Following the great success of the Telling Tales exhibition at the Victoria and Albert Museum, the Carpenters Workshop Gallery presents the Industry series by Studio Job.
Job Smeets and his partner Nynke Tynagel seem to delight in the physical potential and malleability of the various materials they incorporate into their designs. Beautifully crafted and finely finished, they create highly ornamented pieces, which often contain dark and satirical content through their brave confrontation with the current attitudes and condition of the modern world.
Each work in the Industry series uses traditional and contemporary iconography and has been stripped down to its elements. The silhouettes stand bold with the white bird’s eye maple inlaid within the Indian rosewood setting. Animals and insects mingle with industrial buildings, warfare weaponry and other such products of capital. Featuring hummingbirds, seahorses, dragonflies, skeletal figures, and butterflies alongside tanks, helicopters, pylons, smoke, grenades, fighter planes and gasmasks, the viewer is forced to recognise the dichotomy between the natural or organic, and the manmade or destructive. Presented as if fossilised, there is an overwhelming sense that both will have their downfall and eventually become imbedded within history.
Perhaps the irony comes not simply from their opposition but also from the fact that the natural and the artificial are very much cohabitants in the twenty first century. The Industry series offers a poignant commentary on such an environment, each piece being highly evocative in its own right.
The finish of each Industry piece references the seventeenth-century marquetry methods of André-Charles Boulle (1642-1732), and whilst Studio Job cut the veneers using contemporary laser technology, the positioning of each piece of the veneer is undoubtedly still an intensely handcrafted process. The strict symmetry in each piece, and most notably the Dressoir, maintains the integrity of the aesthetic, and given the simple, clean lines of the furniture, produces a powerfully balanced work, whilst also encouraging a contemplation of the notion of repetition; the phenomenon of cloning in the natural world and of mass production in the industrial sector. Each design piece in the series has been employed by Studio Job as a ‘canvas’ on which to construct a modern memento mori; a plethora of visual metaphors that act as signifiers either of bucolic nature or of mass-destruction as associated with industrialism.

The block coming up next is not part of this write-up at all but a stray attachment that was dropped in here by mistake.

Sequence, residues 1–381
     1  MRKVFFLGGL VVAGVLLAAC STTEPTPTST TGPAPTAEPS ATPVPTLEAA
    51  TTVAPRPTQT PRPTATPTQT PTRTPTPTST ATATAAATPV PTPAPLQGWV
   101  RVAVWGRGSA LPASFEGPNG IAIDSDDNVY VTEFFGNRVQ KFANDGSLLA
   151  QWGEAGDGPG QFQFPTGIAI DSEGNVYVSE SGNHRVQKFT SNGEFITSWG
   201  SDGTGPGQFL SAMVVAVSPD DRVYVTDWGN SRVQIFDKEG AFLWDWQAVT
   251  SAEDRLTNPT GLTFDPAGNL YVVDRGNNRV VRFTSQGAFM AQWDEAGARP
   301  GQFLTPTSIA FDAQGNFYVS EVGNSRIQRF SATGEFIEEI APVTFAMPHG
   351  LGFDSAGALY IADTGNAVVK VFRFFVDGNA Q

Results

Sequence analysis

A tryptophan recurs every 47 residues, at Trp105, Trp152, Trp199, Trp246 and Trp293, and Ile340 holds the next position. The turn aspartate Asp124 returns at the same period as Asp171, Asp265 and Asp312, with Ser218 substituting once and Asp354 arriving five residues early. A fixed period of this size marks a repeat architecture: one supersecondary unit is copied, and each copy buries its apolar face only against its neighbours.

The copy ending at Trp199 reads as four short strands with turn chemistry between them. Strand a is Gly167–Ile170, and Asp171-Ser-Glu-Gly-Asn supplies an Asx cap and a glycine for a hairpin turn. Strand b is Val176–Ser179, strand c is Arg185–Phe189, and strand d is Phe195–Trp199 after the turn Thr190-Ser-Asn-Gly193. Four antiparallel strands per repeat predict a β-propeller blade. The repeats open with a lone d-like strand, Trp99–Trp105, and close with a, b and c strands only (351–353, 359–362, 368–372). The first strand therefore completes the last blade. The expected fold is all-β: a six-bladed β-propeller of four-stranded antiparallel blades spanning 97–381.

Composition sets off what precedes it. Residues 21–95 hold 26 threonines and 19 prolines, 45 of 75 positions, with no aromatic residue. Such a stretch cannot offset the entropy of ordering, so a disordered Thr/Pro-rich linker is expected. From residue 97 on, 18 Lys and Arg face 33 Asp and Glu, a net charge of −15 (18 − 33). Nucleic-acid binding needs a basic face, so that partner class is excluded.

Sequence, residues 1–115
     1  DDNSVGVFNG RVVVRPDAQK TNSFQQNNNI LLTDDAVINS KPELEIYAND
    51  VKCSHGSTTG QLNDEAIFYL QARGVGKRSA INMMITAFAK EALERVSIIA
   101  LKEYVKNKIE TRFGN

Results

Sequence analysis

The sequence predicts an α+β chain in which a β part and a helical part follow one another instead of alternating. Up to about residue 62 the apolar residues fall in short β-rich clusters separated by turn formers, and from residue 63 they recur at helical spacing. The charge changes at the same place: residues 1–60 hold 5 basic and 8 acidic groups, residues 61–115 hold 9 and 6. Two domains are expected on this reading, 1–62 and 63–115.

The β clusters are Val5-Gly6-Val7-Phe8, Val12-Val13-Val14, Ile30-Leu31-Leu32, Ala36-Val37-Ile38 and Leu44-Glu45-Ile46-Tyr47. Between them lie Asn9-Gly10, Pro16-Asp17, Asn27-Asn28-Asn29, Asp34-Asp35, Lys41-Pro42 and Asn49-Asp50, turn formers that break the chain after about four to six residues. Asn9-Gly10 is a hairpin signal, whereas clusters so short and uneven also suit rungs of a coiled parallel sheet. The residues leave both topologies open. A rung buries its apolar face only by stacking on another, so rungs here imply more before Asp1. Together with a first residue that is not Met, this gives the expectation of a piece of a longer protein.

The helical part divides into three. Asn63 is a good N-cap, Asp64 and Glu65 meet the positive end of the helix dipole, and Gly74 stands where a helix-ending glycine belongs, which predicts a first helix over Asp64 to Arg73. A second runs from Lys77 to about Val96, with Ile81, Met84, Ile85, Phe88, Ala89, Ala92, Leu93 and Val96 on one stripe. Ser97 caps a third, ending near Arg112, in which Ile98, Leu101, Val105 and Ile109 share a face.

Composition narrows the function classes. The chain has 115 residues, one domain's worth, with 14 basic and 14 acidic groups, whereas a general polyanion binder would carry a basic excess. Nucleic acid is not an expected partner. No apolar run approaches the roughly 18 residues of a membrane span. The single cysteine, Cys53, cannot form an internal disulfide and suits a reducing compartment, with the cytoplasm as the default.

To compliment the five Industry pieces, Carpenters Workshop Gallery has specially commissioned Studio Job to create two new spectacular light-works entitled Wrecking Ball Lamp and Crane Lamp, with which they have further developed the dialogue that began with the original works.
Living and working together, Studio Job suggests: “Maybe sometimes we are designers and maybe sometimes we are architects. Sometimes man and wife, sometimes just artists.”
Founded in 2000 by Job Smeets and Nynke Tynagel, both graduates of the Design Academy Eindhoven now based in Antwerp and in the Netherlands, their work is highly expressive, usually one-off or limited-edition artesian works, often cast in bronze or finely constructed laser-cut marquetry. The works project a strong narrative, depicting good and evil fantastical stories and more recently fascist inspired stories.
Their work has been added to several major collections and exhibitions worldwide, including solo exhibitions in New York, Tokyo, Los Angeles, Paris, London, Milan, Geneva, Miami and Basel. Although, by definition, their work has primarily been geared towards collector and museums, Studio Job has collaborated successfully with various like minded publishers, including Bulgari, Swarovski, Bisazza, Venini, Royal Tichelaar Makkum and Moooi.
Studio Job’s work has been shown internationally in numerous museums, including the Museum of Modern Art, New York, the Victoria & Albert Museum London, FIAC, Cooper-Hewitt, Guggenheim, Montreal Museum of Fine Arts, Wallraf-Richartz Museum, NRW Forum and several major Dutch museums including the Groninger Museum and the Stedelijk Museum, Amsterdam. They contributed heavily to the Telling Tales exhibition at the V&A and have recently opened their own curatorial exhibition space for contemporary art and design based in Antwerp. Here their own work and also that of other designers and artists is shown.